Title

Insight Into the Immune System: Drosophila Melanogaster VS. Pseudomonas Fluorescens

Date

6-1-2017 11:00 AM

End Time

1-6-2017 1:00 PM

Location

WUC Pacific Room

Department

Biology

Session Chair

Jeff Snyder

Session Chair

Michael Baltzley

Session Title

The Kenneth M. Walker Scholarship in Biology poster Session

Faculty Sponsor(s)

Kristin Latham

Presentation Type

Poster session

Abstract

Drosophila melanogaster, the fruit fly, is a model organism with genetic applications and an accelerated life cycle making it an ideal subject for developmental and immune system research. There has been little research investigating the lethal and non-lethal responses of flies infected with bacteria early in development. To further the knowledge on the early developmental responses of their immune system, previous research examined larvae that were exposed to a typically encountered soil bacteria, Pseudomonas fluorescens. It was hypothesized that ingesting the bacteria would cause growth delays coupled with high mortality. To further study the toxic effect of bacteria on the innate immunity of Drosophila melanogaster, we sought to clone the gene ChiC from Pseudomonas fluorescens Pf-5. This gene encodes a chitinase enzyme in bacteria suspected to be a toxin to Drosophila larvae. We then will extract the protein product to feed to Drosophila larvae and assess the developmental effect.In further applications, this research could give insight to the innate immune response exhibited in humans to bacterial infections.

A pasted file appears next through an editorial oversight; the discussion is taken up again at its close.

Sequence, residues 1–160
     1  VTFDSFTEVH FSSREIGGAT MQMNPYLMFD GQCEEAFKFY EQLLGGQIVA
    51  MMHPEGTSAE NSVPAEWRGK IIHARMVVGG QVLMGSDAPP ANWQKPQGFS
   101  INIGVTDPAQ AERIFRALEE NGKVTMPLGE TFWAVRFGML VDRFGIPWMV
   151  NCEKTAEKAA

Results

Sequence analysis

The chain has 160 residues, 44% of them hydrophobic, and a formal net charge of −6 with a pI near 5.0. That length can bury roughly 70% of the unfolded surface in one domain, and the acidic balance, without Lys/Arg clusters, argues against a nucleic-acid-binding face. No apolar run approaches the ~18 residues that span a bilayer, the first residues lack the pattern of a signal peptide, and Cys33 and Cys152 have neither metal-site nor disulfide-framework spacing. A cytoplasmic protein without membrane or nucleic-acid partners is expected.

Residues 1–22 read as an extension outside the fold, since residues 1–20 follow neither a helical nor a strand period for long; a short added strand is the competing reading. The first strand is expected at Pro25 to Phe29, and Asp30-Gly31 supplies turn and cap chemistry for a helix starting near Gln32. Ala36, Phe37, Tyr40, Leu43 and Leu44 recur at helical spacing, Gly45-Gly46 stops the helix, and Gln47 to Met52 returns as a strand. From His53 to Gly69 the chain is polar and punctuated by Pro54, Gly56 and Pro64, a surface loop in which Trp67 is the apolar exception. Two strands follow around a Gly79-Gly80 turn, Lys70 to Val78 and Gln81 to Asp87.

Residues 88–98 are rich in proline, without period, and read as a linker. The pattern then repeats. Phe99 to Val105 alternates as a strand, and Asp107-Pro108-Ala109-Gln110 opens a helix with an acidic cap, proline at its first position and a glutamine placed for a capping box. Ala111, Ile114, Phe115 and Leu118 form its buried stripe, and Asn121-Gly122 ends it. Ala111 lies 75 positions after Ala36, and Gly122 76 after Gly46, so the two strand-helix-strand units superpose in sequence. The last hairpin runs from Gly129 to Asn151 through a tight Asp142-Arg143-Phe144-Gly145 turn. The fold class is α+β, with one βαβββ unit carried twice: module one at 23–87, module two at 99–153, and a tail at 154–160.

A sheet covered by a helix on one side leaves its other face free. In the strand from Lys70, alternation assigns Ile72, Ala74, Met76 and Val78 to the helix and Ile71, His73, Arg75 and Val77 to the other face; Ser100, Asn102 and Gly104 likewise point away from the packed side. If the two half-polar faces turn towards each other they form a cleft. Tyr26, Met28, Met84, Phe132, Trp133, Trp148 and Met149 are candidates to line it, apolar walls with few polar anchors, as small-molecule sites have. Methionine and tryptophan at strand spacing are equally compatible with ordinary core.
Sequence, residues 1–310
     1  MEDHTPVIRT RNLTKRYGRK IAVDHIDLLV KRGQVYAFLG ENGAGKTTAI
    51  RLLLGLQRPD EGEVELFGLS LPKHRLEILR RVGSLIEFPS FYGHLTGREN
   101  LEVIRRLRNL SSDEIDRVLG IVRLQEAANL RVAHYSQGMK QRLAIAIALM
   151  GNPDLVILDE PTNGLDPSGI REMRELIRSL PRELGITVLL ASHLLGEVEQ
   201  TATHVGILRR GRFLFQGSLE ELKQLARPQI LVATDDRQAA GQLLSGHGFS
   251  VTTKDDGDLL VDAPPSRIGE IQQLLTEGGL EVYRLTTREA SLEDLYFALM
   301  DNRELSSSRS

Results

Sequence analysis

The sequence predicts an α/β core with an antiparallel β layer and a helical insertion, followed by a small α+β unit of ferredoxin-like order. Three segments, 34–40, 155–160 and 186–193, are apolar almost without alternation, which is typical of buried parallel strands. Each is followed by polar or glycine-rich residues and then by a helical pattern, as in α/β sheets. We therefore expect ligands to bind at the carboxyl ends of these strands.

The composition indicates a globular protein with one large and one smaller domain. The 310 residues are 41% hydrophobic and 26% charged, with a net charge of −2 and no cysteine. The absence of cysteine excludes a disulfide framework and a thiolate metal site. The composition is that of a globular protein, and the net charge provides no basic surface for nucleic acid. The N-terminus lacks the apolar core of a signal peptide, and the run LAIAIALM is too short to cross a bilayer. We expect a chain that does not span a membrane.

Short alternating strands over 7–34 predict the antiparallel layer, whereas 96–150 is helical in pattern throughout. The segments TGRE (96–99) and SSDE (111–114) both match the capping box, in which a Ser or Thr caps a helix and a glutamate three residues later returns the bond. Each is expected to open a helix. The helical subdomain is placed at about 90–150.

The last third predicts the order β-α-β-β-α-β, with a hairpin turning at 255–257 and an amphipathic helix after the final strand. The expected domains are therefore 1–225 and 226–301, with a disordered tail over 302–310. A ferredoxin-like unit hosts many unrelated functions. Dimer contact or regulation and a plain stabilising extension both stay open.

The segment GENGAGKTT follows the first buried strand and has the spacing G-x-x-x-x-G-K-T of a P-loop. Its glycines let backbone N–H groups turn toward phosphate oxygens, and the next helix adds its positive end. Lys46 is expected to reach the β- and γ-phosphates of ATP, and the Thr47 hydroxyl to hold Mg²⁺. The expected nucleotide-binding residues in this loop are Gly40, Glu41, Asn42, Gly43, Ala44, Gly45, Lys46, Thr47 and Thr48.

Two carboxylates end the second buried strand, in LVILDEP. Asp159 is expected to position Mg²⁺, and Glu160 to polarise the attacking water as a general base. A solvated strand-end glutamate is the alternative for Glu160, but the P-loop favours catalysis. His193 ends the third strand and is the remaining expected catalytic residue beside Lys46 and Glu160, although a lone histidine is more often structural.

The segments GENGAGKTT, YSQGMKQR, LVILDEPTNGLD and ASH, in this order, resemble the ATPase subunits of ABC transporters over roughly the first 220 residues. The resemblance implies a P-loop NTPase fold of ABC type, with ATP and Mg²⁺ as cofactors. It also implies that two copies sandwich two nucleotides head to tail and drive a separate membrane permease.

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Jun 1st, 11:00 AM Jun 1st, 1:00 PM

Insight Into the Immune System: Drosophila Melanogaster VS. Pseudomonas Fluorescens

WUC Pacific Room

Drosophila melanogaster, the fruit fly, is a model organism with genetic applications and an accelerated life cycle making it an ideal subject for developmental and immune system research. There has been little research investigating the lethal and non-lethal responses of flies infected with bacteria early in development. To further the knowledge on the early developmental responses of their immune system, previous research examined larvae that were exposed to a typically encountered soil bacteria, Pseudomonas fluorescens. It was hypothesized that ingesting the bacteria would cause growth delays coupled with high mortality. To further study the toxic effect of bacteria on the innate immunity of Drosophila melanogaster, we sought to clone the gene ChiC from Pseudomonas fluorescens Pf-5. This gene encodes a chitinase enzyme in bacteria suspected to be a toxin to Drosophila larvae. We then will extract the protein product to feed to Drosophila larvae and assess the developmental effect.In further applications, this research could give insight to the innate immune response exhibited in humans to bacterial infections.